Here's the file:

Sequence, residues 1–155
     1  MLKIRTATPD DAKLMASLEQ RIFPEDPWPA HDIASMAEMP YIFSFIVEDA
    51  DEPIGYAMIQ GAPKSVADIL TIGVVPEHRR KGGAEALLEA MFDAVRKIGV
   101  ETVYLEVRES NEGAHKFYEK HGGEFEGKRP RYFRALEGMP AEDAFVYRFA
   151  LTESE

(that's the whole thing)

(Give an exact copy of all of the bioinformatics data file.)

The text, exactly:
Sequence, residues 1–155
     1  MLKIRTATPD DAKLMASLEQ RIFPEDPWPA HDIASMAEMP YIFSFIVEDA
    51  DEPIGYAMIQ GAPKSVADIL TIGVVPEHRR KGGAEALLEA MFDAVRKIGV
   101  ETVYLEVRES NEGAHKFYEK HGGEFEGKRP RYFRALEGMP AEDAFVYRFA
   151  LTESE